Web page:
Thus an organic farmer is going to have a small Carbon income, because you harvest a lot of food. And the people who buy it from you get to have lower emissions - each of "organic" and "local" subtracts 25% from the Carbons cost (the greenhouse impact) of the food production.

Arguing for "credits" because you're emitting less is like telling the bank I should be given more money because I'm not spending as much as I used to. Arguing for "credits" because I help others reduce their emissions is like saying, "but I helped my buddy budget and lower his credit card bill, shouldn't I have more money now?"

So instead we have emissions and absorption, which I describe as "spending Carbons" and "earning Carbons". You earn Carbons by planting trees and harvesting food. That's it.

Carbons are earned from tree-planting because they sequester carbon. That some die or are chopped down is accounted for in the earning already. Carbons are earned from harvesting food because the process of growing things, as Danielle notes, puts carbon into the soil. So even if all you do is grow things and then dig them back into the soil, you will gradually add carbon to it.

It's true that as Danielle is implying, whatever we do we'll have some emissions associated with it. This is why I present "Carbons" as like dollars - they can be well or badly spent. Some people spend a lot and have good lives, some spend a lot and have bad lives, and some people spend very little and likewise have good or bad lives.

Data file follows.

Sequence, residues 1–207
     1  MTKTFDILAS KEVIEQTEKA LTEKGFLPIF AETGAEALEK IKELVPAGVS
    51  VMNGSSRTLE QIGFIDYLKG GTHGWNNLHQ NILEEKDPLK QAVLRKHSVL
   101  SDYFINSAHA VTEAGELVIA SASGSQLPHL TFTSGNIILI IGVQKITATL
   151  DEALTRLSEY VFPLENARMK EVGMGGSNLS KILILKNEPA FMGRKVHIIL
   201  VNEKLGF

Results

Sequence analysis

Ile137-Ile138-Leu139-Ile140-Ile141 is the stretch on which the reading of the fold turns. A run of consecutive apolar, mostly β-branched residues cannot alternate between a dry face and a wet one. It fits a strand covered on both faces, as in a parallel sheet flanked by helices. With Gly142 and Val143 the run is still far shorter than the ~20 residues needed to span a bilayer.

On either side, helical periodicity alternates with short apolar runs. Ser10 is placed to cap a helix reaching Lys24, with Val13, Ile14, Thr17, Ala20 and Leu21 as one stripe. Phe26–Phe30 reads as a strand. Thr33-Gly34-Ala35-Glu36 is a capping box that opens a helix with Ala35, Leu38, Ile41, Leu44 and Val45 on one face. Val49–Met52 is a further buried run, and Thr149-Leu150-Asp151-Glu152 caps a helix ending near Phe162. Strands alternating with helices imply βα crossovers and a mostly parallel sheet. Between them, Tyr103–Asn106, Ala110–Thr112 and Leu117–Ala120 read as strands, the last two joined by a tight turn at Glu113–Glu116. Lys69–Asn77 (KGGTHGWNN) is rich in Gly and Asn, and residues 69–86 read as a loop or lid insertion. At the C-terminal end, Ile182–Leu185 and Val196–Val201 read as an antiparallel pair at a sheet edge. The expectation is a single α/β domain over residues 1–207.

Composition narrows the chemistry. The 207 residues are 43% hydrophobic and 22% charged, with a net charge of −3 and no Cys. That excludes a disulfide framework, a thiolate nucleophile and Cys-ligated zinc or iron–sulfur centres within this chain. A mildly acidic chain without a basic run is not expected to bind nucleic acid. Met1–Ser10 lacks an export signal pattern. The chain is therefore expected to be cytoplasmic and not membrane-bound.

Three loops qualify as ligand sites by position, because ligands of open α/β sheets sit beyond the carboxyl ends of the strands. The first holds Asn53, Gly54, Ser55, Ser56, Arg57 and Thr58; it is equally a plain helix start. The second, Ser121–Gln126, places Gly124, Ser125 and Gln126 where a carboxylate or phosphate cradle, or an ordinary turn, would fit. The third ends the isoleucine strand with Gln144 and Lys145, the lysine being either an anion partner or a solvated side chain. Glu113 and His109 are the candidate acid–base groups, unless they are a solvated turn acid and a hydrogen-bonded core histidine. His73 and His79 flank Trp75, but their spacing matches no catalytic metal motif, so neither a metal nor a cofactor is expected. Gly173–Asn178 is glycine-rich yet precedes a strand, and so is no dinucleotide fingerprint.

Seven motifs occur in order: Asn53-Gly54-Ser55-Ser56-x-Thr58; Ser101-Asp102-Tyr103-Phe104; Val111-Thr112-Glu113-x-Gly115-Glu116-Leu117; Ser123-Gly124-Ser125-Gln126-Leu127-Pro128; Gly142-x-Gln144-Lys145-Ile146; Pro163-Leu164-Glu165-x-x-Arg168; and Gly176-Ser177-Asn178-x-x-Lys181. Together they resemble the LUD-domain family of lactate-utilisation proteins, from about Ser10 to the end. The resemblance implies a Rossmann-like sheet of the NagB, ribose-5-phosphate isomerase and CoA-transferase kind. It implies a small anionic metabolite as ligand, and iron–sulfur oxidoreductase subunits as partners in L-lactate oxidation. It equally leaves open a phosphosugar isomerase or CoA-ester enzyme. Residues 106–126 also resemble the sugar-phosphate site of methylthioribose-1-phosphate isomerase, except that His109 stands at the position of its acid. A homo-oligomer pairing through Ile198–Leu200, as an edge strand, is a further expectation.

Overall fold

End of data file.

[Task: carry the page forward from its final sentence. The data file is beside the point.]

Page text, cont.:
With emissions as with money, the prudent person says, "is it worth it? Can I get the same for less spending?" For example, beef has emissions of around 20 times its own weight, compared to basic grains, nuts, fruits and vegetables at around 60% their weight (even in conventional farming - in organic and local farming it'd be 30%).

So if we're talking money, if I want to eat dinner I can look at steak for $20 or some mixture of grains, nuts, fruit and vegetables (say, a pumpkin and mushroom risotto) for $0.60. Will the steak give me thirty times the pleasure as the pumpkin and mushroom risotto? If so, it's worth it. If not... it's risotto time.

Now it turns out that's the relative carbon cost, so I have to consider it in the same way, is it really worth thirty times the impact?

Set against that are other considerations, like health and so on.

It's the same, then, with technology. Having your own solar system will have less impact than buying coal energy from someone, but buying solar from someone else will have less impact still.

But then with that is a sense of self-reliance, and the security of supply in difficult times. So you have to weigh it up.

It's the same with all technology, all decisions. None are inherently good or bad, you just have to set your priorities - is self-reliance more important than overall impact? does price in dollars matter? - and then weigh things up.

For my part, if we owned the home we live in, I'd put in grid-connected solar in excess of our needs with battery backup.

I value self-reliance, so that's a tick for the PV and batteries. I value being able to contribute to the community, so that means putting in more PV than we need. I value having enough in times of trouble, so that's in favour of the batteries. And the state and corporations are moving very slowly in building up renewable energy capacity, we citizens have to step on up and make up for their stupidity, so that's another point in favour of having PV more than our needs.